Kuwaiti startup Waveline Media seems to be going from strength to strength lately.
First, the media company launched Yabila!,
a daily promotion guide for the Middle East, in 2011, which
grew to generated $2 million USD in revenue last year.
Next, it launched Nabd, an Arabic aggregated news app, in early 2013, reaching 1.3 million downloads within a year, and signed a partnership with Celtra, a rich media mobile advertising service based in the U.S. Today, Nabd boasts around 95 million page views a month, offices in the UAE and Saudi Arabia, and ad clients that include Infinity, Toyota, Turkish Airlines, STC, Mobily, and Dodge.
That's not enough for the Waveline Media founders, Abdur-Rahman El-Sayyed and his brother Abdullah. Now, they're diving into one of the most difficult industries in the Middle East: gaming.
Late last year, the brothers founded Elektron Games, a game development company based in Kuwait as well; this month, they've released Toad Rider, a new casual mobile title that they hope will lure users.
Inspired by the classic Turbo Tunnel level in Battletoads, a Nintendo game released in 1991, the El-Sayyed brothers built Toad Rider as an endless runner games (like the recently popular Temple Run). The game invites you to help Zody the Toad escape from a group of evil scientists in a lab.
“When Abdallah and I were young, we use to spend a lot of time playing Battletoads, and this level in particular was very challenging,” thanks to its fast flying objects, says Abdur-Rahman El-Sayyed.
A quick test of the game reveals that its initial
version isn't complicated; my biggest difficulty was, in fact,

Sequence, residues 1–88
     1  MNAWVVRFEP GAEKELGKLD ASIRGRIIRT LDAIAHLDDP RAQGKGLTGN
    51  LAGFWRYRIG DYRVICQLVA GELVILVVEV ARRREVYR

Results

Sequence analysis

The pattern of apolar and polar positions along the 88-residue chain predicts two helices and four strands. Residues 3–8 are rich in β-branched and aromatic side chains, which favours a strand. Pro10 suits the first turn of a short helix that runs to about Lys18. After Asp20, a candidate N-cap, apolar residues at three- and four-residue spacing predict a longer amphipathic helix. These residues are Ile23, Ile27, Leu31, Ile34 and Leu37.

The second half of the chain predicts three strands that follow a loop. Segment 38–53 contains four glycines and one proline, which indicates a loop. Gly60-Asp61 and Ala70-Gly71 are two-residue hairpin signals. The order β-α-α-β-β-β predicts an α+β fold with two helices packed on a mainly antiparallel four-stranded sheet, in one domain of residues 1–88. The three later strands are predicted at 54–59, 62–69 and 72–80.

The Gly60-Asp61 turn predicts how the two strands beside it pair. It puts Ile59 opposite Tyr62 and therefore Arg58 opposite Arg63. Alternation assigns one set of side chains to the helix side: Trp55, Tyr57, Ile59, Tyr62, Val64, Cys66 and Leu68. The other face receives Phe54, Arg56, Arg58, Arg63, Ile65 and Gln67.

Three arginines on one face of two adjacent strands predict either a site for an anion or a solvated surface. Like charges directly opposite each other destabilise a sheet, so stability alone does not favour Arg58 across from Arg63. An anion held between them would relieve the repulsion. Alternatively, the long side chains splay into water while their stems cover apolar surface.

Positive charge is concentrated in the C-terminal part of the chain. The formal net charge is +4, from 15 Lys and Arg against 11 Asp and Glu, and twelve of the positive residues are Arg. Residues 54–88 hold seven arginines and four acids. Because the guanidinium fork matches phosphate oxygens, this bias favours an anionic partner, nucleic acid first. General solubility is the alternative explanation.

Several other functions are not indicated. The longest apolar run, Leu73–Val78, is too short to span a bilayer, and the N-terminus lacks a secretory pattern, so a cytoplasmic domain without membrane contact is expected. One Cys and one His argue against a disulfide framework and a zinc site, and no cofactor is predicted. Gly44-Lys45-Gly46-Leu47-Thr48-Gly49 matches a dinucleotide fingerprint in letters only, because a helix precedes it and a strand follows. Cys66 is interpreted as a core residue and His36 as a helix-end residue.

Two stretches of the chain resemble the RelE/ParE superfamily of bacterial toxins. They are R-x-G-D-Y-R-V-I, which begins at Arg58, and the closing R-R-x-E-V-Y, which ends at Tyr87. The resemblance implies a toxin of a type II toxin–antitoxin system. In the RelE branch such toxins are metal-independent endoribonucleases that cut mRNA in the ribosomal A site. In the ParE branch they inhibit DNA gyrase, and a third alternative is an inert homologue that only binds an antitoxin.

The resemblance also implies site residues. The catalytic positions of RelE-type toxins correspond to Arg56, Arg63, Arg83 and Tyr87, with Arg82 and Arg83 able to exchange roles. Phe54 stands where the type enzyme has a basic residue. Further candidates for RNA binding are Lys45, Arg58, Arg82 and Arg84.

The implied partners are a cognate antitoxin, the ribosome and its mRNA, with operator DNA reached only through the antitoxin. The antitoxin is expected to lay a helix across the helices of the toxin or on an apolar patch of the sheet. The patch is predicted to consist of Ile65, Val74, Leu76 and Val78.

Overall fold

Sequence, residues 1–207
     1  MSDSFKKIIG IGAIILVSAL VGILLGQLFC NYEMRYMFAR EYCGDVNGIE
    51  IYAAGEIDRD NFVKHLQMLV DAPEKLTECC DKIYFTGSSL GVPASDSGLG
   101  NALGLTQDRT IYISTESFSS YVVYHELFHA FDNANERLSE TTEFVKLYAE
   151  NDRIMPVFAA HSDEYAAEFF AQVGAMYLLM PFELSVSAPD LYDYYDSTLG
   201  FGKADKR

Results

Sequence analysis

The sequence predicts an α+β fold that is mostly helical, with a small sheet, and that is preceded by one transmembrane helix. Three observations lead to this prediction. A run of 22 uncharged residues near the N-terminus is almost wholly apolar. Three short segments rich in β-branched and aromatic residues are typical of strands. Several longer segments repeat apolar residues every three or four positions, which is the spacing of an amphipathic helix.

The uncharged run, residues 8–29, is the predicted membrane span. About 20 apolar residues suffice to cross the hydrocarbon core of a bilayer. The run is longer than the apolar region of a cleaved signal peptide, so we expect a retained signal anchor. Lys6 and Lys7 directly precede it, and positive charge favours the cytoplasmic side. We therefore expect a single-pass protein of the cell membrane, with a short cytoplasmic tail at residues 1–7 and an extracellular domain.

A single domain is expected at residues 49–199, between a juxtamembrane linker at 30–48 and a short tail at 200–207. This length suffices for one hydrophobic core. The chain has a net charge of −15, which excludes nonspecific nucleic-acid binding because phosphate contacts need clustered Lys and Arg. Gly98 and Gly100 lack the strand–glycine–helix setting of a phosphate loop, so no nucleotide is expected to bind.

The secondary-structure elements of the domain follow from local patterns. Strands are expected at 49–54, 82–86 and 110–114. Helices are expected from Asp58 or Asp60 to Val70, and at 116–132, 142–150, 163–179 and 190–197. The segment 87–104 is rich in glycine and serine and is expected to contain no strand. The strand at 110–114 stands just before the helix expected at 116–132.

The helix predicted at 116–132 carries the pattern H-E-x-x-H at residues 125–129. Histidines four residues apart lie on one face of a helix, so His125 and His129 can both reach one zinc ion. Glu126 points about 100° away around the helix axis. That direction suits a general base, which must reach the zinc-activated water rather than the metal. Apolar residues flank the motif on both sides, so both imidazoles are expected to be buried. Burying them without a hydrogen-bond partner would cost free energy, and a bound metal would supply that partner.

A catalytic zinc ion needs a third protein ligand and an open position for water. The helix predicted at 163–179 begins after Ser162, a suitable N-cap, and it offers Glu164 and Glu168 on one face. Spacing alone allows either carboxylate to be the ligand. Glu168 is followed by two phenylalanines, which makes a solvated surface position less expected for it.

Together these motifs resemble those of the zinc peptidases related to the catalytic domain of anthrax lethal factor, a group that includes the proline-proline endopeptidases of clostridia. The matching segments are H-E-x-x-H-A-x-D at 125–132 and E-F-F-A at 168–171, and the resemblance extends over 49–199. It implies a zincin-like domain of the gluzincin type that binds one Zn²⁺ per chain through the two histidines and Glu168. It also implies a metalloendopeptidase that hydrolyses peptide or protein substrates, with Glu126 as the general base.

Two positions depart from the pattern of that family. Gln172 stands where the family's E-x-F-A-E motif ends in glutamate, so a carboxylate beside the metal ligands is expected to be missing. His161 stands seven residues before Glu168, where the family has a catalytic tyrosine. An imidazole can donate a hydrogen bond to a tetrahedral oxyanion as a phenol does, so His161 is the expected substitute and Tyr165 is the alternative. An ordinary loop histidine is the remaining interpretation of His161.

learning how to play it. Due to the fact that the game's visual
depth is a bit difficult to determine, the directions and visual
tutorials in the beginning take a friendly tone, but don't make the
right movements completely clear. Once I got the hang of it,
however, the game was fun but challenging.
The brothers are aware that there is an almost endless choice of runner games out there, yet they believe Toad Rider is different. “What distinguishes the game is its unique game play, as it requires immediate reflex; the player needs to build up a lot of nerves made from steel and a machine-like focus,” as El-Sayyed likes to put it.
Choosing a premium model (US$ 0.99) was not a decision the team made overnight, but it seemed the best course of action for generating buzz and studying user behavior.
As a paid version helps provide better insights. “You also get the chance to have better and clearer insights to study the behavior of the players and better adapt the game updates, before having millions of downloads,” says El-Sayyed.
And finally, should they want to gain more users
in the future, the game developers can consider switching to a
freemium model, in which downloading the game is free, but players
have the option of paying for in-game purchases. Temple Run, for
one, proved that making the jump to freemium can help an
momentum once it's proven its initial success.
“We want to build games with the potential to go big in both the Arab and US market," says El-Sayyed. "We have a few ideas for the next game but now focusing our efforts on fully understanding gaming behavior."